SHERWIN A. KABINS, M.D.; HELEN M. SWEENEY, M.S.; SIDNEY COHEN, M.D., F.A.C.P.
Microbial resistance to penicillins or cephalosporins is often a consequence of enzymatic hydrolysis of the beta-lactam bond of the antibiotic. The enzymes involved have been designated collectively as beta-lactamases since, with few exceptions, they attack both penicillins and cephalosporins but often at very different rates (1). In spite of this designation, the specificity of these enzymes for the beta-lactam bond is not complete, for some of them may split certain simple peptide bonds (2). In individual bacterial species the degree of resistance conferred by a beta-lactamase is related to the enzymatic activity per cell. Accordingly a genetic mutation that led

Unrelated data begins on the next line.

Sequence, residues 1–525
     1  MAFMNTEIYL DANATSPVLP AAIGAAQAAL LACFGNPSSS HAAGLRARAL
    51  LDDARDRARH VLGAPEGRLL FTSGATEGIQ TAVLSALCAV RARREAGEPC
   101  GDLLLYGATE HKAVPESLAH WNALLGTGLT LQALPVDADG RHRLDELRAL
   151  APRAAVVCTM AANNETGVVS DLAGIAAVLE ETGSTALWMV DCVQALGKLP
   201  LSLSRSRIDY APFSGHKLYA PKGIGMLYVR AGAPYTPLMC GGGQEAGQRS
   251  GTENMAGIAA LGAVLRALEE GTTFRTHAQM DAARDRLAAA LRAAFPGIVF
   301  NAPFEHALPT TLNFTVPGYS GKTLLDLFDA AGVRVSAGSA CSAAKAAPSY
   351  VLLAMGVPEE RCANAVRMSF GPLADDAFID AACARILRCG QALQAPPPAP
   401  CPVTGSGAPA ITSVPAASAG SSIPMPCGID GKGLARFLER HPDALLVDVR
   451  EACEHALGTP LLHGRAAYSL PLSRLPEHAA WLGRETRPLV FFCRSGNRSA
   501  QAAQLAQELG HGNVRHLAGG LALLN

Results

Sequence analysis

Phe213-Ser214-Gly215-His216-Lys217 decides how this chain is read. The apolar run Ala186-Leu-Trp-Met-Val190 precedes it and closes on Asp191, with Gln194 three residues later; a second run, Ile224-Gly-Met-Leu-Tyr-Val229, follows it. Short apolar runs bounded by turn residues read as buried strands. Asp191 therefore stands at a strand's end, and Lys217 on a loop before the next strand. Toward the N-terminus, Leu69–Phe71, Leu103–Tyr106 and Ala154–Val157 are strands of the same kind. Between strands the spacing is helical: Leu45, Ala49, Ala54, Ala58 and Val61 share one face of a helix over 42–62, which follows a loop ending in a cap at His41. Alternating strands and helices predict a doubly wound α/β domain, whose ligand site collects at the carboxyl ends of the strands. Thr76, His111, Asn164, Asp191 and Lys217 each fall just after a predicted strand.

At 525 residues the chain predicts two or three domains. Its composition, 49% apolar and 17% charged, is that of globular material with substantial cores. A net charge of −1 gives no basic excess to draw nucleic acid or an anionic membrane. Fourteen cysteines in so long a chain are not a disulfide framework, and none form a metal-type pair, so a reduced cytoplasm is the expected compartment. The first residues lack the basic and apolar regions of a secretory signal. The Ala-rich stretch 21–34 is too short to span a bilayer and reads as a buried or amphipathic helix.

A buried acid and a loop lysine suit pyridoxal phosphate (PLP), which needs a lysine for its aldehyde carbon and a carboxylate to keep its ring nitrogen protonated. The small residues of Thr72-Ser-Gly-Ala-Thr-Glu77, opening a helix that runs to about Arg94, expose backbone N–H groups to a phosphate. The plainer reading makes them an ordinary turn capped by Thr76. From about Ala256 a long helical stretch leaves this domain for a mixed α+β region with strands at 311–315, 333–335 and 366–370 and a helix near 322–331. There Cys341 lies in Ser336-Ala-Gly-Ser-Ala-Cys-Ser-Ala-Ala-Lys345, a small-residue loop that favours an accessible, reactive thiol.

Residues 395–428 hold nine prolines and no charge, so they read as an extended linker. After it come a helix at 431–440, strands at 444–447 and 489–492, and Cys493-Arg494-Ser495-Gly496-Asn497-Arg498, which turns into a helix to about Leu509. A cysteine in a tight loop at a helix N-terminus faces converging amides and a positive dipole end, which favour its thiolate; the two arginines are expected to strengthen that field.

SHERWIN A. KABINS, HELEN M. SWEENEY, SIDNEY COHEN. Resistance to Cephalothin in Vivo Associated with Increased Cephalosporinase Production. Ann Intern Med. 1966;65:1271–1277. doi: 10.7326/0003-4819-65-6-1271
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Published: Ann Intern Med. 1966;65(6):1271-1277.
Hospital Medicine, Infectious Disease, Multi-Organ Failure and Sepsis, Pulmonary/Critical Care.
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Print ISSN: 0003-4819 | Online ISSN: 1539-3704
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